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Sleep Disorders

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Sleep Disorders

Education is essential to truly understanding Sleep Disorders. You may find the following books, websites, and information helpful for you, but because they have not been especially recommended for you or your child by Dr. Goldman please do not consider them medical advice.

Sleep Disorders Resources

Books on Sleep Disorders:

  • The Harvard Medical School Guide to a Good Night’s Sleep by Lawrence Epstein and Steven Mardon
  • The Cleveland Clinic Guide to Sleep Disorders [Paperback] by Nancy Foldvary-Schaefer
  • Sleep Disorders for Dummies [Paperback] by Max Hirshkowitz, Patricia B. Smith, William C. Dement
  • No More Sleepless Nights by Peter Hauri, PhD and Shirley Linde, PhD
  • No More Sleepless Nights Workbook by Peter Hauri, PhD and Shirley Linde, PhD

Most of these books are available on AmazonBarnes and Noble or at The Special Needs Project websites or call the Special Needs Project at (800) 333-6867.

Online Support and Information:

Emotional and social support is often healing. I recommend that you consider going to a local support group or join an online support group such as:

The most common sleep disorders include:

  • Primary insomnia: Chronic difficulty in falling asleep and/or maintaining sleep when no other cause is found for these symptoms.
  • Bruxism: Involuntarily grinding or clenching of the teeth while sleeping.
  • Delayed sleep phase syndrome (DSPS): inability to awaken and fall asleep at socially acceptable times but no problem with sleep maintenance, a disorder of circadian rhythms. (Other such disorders are advanced sleep phase syndrome (ASPS), non-24-hour sleep-wake syndrome (Non-24), and irregular sleep wake rhythm, all much less common than DSPS, as well as the transient jet lag and shift work sleep disorder.)
  • Hypopnea syndrome: Abnormally shallow breathing or slow respiratory rate while sleeping.
  • Narcolepsy: Excessive daytime sleepiness (EDS) often culminating in falling asleep spontaneously but unwillingly at inappropriate times.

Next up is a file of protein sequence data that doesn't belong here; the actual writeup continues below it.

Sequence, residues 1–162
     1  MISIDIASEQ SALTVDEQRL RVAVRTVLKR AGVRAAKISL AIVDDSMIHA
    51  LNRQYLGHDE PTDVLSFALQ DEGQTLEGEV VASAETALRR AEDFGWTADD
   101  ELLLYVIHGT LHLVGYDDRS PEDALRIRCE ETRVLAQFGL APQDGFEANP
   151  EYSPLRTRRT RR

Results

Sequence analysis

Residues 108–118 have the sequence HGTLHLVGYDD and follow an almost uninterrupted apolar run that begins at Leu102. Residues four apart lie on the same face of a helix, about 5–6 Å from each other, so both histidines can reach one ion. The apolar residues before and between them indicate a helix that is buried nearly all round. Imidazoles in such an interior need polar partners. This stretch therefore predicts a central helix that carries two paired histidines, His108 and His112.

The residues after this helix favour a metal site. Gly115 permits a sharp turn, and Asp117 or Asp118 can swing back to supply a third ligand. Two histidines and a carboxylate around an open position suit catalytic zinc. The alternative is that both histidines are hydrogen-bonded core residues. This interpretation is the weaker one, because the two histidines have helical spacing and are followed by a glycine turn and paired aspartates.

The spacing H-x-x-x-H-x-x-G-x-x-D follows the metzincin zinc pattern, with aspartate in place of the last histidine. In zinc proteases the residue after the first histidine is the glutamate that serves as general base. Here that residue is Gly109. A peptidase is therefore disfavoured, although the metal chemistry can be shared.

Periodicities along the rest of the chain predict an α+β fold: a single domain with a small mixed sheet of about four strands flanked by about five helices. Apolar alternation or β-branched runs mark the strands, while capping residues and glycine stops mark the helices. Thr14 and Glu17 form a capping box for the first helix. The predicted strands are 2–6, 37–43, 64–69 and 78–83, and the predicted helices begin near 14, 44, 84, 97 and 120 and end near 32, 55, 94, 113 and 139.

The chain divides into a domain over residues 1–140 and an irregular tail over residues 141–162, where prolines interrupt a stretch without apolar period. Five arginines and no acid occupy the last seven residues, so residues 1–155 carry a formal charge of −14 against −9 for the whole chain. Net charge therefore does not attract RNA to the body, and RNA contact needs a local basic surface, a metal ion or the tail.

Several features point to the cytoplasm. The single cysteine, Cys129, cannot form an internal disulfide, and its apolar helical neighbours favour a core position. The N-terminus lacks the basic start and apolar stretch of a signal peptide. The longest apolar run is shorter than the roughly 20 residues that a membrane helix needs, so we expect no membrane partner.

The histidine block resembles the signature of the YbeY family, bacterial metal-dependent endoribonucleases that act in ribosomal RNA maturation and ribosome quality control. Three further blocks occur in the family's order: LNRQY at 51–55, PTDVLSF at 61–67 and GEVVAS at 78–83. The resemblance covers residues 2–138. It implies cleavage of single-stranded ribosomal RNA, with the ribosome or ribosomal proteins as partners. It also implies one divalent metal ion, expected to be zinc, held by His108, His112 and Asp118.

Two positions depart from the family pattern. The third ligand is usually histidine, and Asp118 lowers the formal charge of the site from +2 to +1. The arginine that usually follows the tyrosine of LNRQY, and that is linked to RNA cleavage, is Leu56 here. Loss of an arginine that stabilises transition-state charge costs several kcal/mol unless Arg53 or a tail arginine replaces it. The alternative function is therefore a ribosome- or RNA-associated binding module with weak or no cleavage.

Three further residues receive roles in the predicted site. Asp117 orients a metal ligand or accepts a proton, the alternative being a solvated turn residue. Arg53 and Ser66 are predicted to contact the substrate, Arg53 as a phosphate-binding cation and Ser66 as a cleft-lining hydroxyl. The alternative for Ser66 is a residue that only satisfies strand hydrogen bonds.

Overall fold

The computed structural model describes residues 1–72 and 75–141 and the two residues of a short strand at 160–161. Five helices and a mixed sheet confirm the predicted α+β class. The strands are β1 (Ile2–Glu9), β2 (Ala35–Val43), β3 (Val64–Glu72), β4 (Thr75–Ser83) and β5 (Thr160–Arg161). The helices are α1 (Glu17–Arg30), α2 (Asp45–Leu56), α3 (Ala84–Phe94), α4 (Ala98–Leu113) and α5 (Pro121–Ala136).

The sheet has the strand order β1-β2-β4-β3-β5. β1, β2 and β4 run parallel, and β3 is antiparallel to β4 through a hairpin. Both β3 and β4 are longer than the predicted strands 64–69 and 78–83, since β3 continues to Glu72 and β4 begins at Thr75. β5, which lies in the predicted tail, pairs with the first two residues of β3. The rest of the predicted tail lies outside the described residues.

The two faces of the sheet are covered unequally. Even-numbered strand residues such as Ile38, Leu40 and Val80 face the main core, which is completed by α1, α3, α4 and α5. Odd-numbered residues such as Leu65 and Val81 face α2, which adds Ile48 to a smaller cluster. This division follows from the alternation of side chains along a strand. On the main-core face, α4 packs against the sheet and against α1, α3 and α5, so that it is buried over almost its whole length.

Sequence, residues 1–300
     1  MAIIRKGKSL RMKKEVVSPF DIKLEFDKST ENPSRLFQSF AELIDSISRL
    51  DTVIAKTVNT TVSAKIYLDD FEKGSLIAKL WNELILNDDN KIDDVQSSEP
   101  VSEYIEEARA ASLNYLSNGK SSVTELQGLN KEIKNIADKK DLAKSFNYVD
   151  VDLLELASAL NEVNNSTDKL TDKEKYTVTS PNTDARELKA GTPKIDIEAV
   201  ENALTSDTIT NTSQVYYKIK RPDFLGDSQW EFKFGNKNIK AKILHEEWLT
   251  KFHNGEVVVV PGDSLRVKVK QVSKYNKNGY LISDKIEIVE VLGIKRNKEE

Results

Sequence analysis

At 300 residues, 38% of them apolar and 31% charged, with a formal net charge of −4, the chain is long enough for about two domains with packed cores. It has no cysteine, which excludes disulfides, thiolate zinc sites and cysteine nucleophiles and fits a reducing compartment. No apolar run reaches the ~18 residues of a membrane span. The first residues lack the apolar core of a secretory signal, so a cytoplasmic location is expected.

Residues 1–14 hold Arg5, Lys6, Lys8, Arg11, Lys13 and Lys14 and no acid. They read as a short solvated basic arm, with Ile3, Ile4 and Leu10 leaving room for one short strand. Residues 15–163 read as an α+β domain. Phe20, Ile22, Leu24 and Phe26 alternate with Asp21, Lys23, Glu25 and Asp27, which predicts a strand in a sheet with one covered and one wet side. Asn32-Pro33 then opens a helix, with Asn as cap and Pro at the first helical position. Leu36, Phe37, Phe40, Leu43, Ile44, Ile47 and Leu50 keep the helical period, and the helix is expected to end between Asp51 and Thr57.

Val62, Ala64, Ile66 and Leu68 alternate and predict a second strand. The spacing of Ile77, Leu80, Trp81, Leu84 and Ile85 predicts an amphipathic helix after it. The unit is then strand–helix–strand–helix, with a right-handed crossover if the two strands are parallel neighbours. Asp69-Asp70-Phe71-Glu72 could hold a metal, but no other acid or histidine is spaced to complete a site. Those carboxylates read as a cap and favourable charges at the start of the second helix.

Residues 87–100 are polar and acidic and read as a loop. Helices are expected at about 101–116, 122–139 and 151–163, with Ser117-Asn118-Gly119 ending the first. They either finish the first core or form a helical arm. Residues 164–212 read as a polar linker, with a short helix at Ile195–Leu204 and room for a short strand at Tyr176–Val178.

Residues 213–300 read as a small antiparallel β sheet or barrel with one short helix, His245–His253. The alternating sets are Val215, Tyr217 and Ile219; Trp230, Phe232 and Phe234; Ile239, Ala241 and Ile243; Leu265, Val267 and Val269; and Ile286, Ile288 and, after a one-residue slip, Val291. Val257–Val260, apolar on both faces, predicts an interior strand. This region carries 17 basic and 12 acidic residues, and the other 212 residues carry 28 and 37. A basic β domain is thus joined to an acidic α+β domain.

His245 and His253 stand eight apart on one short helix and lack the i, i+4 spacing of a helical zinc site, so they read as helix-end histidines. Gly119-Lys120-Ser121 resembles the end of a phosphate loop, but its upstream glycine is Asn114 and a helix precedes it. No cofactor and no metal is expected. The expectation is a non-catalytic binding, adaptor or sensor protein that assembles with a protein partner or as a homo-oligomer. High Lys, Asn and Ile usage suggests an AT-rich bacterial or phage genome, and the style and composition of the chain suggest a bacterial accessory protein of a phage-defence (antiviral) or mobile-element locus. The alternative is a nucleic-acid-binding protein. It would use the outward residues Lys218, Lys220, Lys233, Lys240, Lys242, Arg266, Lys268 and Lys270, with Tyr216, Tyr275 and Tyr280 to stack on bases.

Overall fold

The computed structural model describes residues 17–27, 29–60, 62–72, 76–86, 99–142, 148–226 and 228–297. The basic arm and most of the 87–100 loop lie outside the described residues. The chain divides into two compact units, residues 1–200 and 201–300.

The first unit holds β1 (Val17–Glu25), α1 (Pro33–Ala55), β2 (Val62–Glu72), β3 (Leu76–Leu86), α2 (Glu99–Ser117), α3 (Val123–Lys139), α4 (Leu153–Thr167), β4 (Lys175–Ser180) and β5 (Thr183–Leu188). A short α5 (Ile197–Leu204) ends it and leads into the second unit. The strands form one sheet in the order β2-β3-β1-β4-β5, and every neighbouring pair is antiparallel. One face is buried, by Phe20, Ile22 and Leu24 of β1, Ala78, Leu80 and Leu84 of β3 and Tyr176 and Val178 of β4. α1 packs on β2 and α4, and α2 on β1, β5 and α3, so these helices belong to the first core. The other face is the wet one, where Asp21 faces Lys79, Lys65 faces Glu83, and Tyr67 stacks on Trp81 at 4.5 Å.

• Cataplexy: a sudden weakness in the motor muscles that can result in collapse to the floor.
  • Night terror: Pavor nocturnus, sleep terror disorder: abrupt awakening from sleep with behavior consistent with terror.
  • Parasomnias: Disruptive sleep-related events involving inappropriate actions during sleep; sleep walking and night-terrors are examples.
  • Periodic limb movement disorder (PLMD): Sudden involuntary movement of arms and/or legs during sleep, for example kicking the legs. Also known as nocturnal myoclonus. See also Hypnic jerk, which is not a disorder
  • Rapid eye movement behavior disorder (RBD): Acting out violent or dramatic dreams while in REM sleep.
  • Restless legs syndrome (RLS): An irresistible urge to move legs. RLS sufferers often also have PLMD.
  • Situational circadian rhythm sleep disorders: shift work sleep disorder (SWSD) and jet lag.
  • Sleep Apnea, and mostly Obstructive sleep apnea: Obstruction of the airway during sleep, causing lack of sufficient deep sleep; often accompanied by snoring. Other forms of sleep apnea are less common.
  • Sleep paralysis: is characterized by temporary paralysis of the body shortly before or after sleep. Sleep paralysis may be accompanied by visual, auditory or tactile hallucinations. Not a disorder unless severe. Often seen as part of Narcolepsy.
  • Sleepwalking or somnambulism: Engaging in activities that are normally associated with wakefulness (such as eating or dressing), which may include walking, without the conscious knowledge of the subject.
  • Nocturia: A frequent need to get up and go to the bathroom to urinate at night. It differs from Enuresis, or bed-wetting, in which the person does not arouse from sleep, but the bladder nevertheless empties
  • Somniphobia: a dread of sleep.